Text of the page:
Plans for Manchester’s downtown.

Manchester is enjoying a boost in tourism from their two-year old Whitewater Park on the Maquoketa River, and now they’re hoping to revitalize other areas along the riverfront and downtown.

A few of the ideas in a concept plan unveiled by the city are an open air pavilion, recreational activities along the riverfront, trees lining the downtown streets, a shelter with restrooms and showers by the Whitewater Park and townhomes overlooking the river.

City Manager Tim Vick says the Confluence architecture firm gathered ideas from the public during an input meeting last year to help put together the concept plan. Vick says the wanted different opinions on all types of things from trails to parking and other things downtown. He says the city knows the Whitewater Park has left a good impression with visitors — and they’re hoping to create that same vibe throughout the rest of the downtown and riverfront areas.

Vick says he’s talked with a lot of people who were eating at a restaurant or doing something downtown and saw the whitewater park and didn’t know it was there. “Or they see the crowds coming in because of the River Regatta. We talked to a couple out of Council Bluffs — they had no clue the river regatta was going on — they saw all this activity and it just drew them in. So, that’s what we’re trying to do just get more activity downtown,” Vick says.

Phase One of the project shows room for recreational activities along the Waterwater Park on the south side of West Main Street/Highway 13, with a shelter with restrooms and showers on an old store property that the City will soon tear down. Other phases of the concept plan show changes on the north side of West Main Street along the river, with room for a farmer’s market, plaza, watercraft rental and more parking on the west side of River Street and new townhomes and buildings along the east side of the street.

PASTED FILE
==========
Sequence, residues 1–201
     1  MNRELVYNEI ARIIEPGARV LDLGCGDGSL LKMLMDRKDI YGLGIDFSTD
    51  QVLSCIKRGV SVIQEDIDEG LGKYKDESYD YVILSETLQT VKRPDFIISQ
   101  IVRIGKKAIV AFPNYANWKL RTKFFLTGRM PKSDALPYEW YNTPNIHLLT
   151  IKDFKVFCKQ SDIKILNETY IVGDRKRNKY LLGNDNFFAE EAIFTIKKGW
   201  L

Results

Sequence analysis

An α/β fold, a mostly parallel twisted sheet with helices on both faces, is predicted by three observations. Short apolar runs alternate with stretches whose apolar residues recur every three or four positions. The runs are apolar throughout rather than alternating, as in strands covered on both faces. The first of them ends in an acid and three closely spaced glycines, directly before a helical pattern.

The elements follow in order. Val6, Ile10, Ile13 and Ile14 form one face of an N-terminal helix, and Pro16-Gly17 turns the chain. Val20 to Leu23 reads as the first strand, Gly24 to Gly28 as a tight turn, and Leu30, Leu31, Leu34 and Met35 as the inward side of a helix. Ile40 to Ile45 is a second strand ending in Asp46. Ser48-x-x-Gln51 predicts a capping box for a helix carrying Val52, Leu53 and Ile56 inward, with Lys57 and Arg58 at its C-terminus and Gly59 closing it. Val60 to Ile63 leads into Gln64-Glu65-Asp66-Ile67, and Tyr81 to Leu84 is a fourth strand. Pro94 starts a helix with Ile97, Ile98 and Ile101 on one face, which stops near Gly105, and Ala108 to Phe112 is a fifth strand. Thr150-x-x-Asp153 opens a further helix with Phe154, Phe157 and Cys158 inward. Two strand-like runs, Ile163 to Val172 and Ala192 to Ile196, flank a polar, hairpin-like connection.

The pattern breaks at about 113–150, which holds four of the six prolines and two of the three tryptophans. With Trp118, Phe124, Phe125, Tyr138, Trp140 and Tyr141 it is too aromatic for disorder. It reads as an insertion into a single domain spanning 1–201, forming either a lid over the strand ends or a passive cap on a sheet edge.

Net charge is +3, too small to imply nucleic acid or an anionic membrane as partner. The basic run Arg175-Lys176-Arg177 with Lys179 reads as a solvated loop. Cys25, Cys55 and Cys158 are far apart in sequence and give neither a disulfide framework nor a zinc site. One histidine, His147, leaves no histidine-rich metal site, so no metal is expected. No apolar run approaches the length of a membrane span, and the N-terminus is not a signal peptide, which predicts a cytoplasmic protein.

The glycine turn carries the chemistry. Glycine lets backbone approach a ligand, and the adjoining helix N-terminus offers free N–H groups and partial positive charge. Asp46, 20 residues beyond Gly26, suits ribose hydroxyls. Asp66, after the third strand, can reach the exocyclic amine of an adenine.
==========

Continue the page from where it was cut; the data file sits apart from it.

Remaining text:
Ideas for downtown Manchester include lots of greenery, with bumped-out curbs with grass and trees lining the downtown streets. An overlook on the south side of the Manchester Whitewater Park is also included. Vick says these ideas are not set in stone — Confluence and the City still wants feedback from the public — but they would like to move forward as soon as they can.

“This has to go before the Planning and Zoning Commission, they have to recommend approval, and then it will go to the city council and the council will approve it. Then we’ll have to figure out how we are going to do what we are going to do.” Vick says. He says one of the pieces of the project is tearing down the Smitty’s building.

“We’ll have to do the demolition of that. Then we’ll get the funding in place, go out for bids, designs, this is something that is going to take a little bit of time…but you have to have that planning in place in order for you to start going forward,” Vick says. Vick says while Phase One will start yet this year, it could take up to 50 years to implement the entire concept plan.

(Reporting by Janelle Tucker, KMCH, Manchester)